- Calls to a generator don't result in a value, they result in an
Iterator object.
    - The magic happens at the 'yield' keyword.
So, analguously:
   - Perhaps call to combineIntoRecord() shouldn't return a value
   - It should return an acceptor object instance instead
   - Every call results in a different object - solves problem 2 above
   - Acceptor objects have a special method for feeding them values,
takes care of problem 1 above
   - When and what does an acceptor object 'return'?
   - We don't actually want to restrict what an acceptor *function*
   - Acceptors (unlike generators) should be able to return just as per
ordinary functions
   - Its not the output of the function thats 'magic', its the input to
the function
  - We must confine the magic to the input the function recieves - its
argument list.
  - Have a 'magic argument' that 'takes in' the accepted values.
  - This is fine - it keeps the magic within the call of the acceptor
  - If an acceptor returns like an ordinary function, it needs to
return when called
  - Hence it needs to know its accepted values "all at once"

>From our earlier thinking, an acceptor, fundamentally, accepts a
sequence of data.

So let the first argument to an acceptor function call be a "magic
sequence" that contains all the values we want to be accepted. Other
arguments may be passed as normal.

A disadvantage: the power of the acceptor is restricted in this
version, since you can't have elements Accepted at any arbitrary point
in the code. This is really a good thing, though - with the old version
it was the case that too much power was making the idea totally
unworkable. What we've done is essentially bound our Acceptor to
something, namely a sequence. Note, though, that we can use any
abstract source of sequential data - including a Generator - so theres
still quite a lot of flexibility in how it gets data for accepting.

To illustrate this model of an Acceptor, heres an example of a simple
Acceptor that returns the first element of a sequence that satisfies
some condtion (which is presumed to be a function):

def firstThatSatisfies(condition):
	accept element
	if condition(element): return element

To use, we simply call:

first = firstThatSatisfies(somelist, condition)

somelist, not appearing in the argument list, gets fed into the accept
statement by the 'acceptor magic'  .

Note how explicit iteration has been removed from this canonical
algorithm altogether. I dont know about you, but I think it looks kind
of neat.

A Slight Digression:

Clearly it might be true that condtion(element) == 0 for every element
in some list. This brings us to the issue of an accept statment that
doesnt get fed any data.

There are two possible ways to deal with this. One is to insist every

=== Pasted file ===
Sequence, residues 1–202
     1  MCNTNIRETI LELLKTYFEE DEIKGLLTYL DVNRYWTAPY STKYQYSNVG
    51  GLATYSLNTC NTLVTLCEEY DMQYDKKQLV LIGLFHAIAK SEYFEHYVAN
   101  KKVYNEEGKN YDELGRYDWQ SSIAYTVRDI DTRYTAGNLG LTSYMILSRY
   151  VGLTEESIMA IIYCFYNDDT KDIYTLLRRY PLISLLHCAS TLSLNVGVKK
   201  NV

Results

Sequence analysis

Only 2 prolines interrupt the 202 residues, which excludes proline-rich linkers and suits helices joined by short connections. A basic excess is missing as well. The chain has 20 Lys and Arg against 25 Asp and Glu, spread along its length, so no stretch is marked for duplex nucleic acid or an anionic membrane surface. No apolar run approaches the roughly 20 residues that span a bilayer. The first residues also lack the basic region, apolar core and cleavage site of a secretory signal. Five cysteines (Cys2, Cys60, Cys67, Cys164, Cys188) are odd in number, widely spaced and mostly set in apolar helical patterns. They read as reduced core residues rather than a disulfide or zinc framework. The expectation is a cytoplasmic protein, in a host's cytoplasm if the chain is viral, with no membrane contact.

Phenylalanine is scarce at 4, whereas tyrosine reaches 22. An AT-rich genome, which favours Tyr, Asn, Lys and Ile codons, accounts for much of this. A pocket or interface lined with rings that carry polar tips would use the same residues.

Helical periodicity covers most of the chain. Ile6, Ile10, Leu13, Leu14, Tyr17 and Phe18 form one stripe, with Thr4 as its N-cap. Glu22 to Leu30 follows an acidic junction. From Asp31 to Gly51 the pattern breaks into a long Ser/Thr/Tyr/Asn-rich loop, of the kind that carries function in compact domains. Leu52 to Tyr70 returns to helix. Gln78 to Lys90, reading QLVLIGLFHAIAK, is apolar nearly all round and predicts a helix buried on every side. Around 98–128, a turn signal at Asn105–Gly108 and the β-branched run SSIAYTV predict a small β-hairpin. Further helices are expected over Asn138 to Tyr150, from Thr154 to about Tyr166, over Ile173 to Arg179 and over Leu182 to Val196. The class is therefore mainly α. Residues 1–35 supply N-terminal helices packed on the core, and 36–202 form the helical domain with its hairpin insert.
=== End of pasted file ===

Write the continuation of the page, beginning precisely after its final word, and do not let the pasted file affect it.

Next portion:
accept statement must get called, and raise an exception if this doesnt
happen. However, I prefer the seemingly more flexible option where you
simply say "Bad luck, once the magic sequece is empty, any remaining
acceptor code doesnt get executed, and any acceptor state is lost."
This means an acceptor might not always give a well defined return
value, but this is no worse than something like

def f()
     x = someCalculation()
     bool = someConditionThatWillAlwaysBeFalse()
     if false: return x

This conventional example has a return value of None, and an Acceptor
that doesnt reach an explict return statement can be treated exactly
the same way.


Now, going back to my original problem and the first Acceptor I wrote:

def combineIntoRecord(): # This is an acceptor function
       optionalline = None # We may not get given a value for this line
       accept firstline
       accept secondline
       if condition(secondline):
          accept optionalline
       accept lastline
       r = createRecord(firstline, secondline, lastline, optionalline)
       return r

This doesnt work anymore - it produces and returns the first record we
want, and then stops. We want a list of all records .

Maybe we could use a loop.The 'accepting magic' would need to be
confied to this loop. And the loop needs to know when the magic stream
of data comes to an end to know when to return the final value. Maybe
use another special keyword:

def combineIntoRecord():
         recordList = [].
         while acceptingonly
        	 # ....accept values, append createRecord to recordLlist

Perhaps. I don't really like the idea of having any magic new keywords
other than accept itself; if it needs this sort of explicit while loop,
maybe it shouldnt be in an Acceptor at all (the whole original point of
this idea was to get rid of while loop after all!) **

So are Acceptors pretty useless, after all that? Maybe. Then again,
maybe not.

What is this combineIntoRecord(), that I have written using
non-existent language features, trying to do, in a general sense?

It wants to take some sequence (the lines in a file) and produce
another sequence, that in some way depends first. Howevers it wants to
be able define basically any arbitary dependence between the sequences,
taking the elements from the first and producing output to the second
at its leisure.

The 'taking at its leisure' comes by being virtue of an Acceptor.
'Producing at its leisure' is a feature already available in Python.
Its called a Generator.


# An Acceptor/Generator!!!
def combineIntoRecords():
       optionalline = None # We may not get given a value for this line
       accept firstline
       accept secondline
       if condition(secondline):
          accept optionalline
       accept lastline
       yield createRecord(firstline, secondline, optionalline,

def getData(lines):
	return list(combineIntoRecords(filterJunk(lines)))

So, alas, my beloved for loop was not saved after all.

Fortunately, the dreaded While loop has been vanquished. In fact all
loopiness has disappeared. Along with any other semblance of a main

I think I like the finished result. I'll leave if for you to decide if
you like it too.